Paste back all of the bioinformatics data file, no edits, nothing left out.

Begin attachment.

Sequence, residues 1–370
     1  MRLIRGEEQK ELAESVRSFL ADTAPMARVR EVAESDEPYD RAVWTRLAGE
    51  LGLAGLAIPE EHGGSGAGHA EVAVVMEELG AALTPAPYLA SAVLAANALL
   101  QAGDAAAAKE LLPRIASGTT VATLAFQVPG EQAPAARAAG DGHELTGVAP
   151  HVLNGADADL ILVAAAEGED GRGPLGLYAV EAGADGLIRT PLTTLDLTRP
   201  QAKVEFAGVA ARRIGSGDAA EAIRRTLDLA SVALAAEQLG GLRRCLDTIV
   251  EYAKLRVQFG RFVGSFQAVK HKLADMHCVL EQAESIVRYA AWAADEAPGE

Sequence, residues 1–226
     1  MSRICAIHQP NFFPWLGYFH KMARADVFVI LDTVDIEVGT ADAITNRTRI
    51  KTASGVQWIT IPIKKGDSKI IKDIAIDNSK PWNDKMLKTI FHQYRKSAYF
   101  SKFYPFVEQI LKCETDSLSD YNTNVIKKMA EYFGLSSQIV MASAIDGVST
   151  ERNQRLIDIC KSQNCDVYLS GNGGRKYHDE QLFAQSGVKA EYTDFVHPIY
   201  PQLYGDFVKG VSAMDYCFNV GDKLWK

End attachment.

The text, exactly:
Sequence, residues 1–370
     1  MRLIRGEEQK ELAESVRSFL ADTAPMARVR EVAESDEPYD RAVWTRLAGE
    51  LGLAGLAIPE EHGGSGAGHA EVAVVMEELG AALTPAPYLA SAVLAANALL
   101  QAGDAAAAKE LLPRIASGTT VATLAFQVPG EQAPAARAAG DGHELTGVAP
   151  HVLNGADADL ILVAAAEGED GRGPLGLYAV EAGADGLIRT PLTTLDLTRP
   201  QAKVEFAGVA ARRIGSGDAA EAIRRTLDLA SVALAAEQLG GLRRCLDTIV
   251  EYAKLRVQFG RFVGSFQAVK HKLADMHCVL EQAESIVRYA AWAADEAPGE

Sequence, residues 1–226
     1  MSRICAIHQP NFFPWLGYFH KMARADVFVI LDTVDIEVGT ADAITNRTRI
    51  KTASGVQWIT IPIKKGDSKI IKDIAIDNSK PWNDKMLKTI FHQYRKSAYF
   101  SKFYPFVEQI LKCETDSLSD YNTNVIKKMA EYFGLSSQIV MASAIDGVST
   151  ERNQRLIDIC KSQNCDVYLS GNGGRKYHDE QLFAQSGVKA EYTDFVHPIY
   201  PQLYGDFVKG VSAMDYCFNV GDKLWK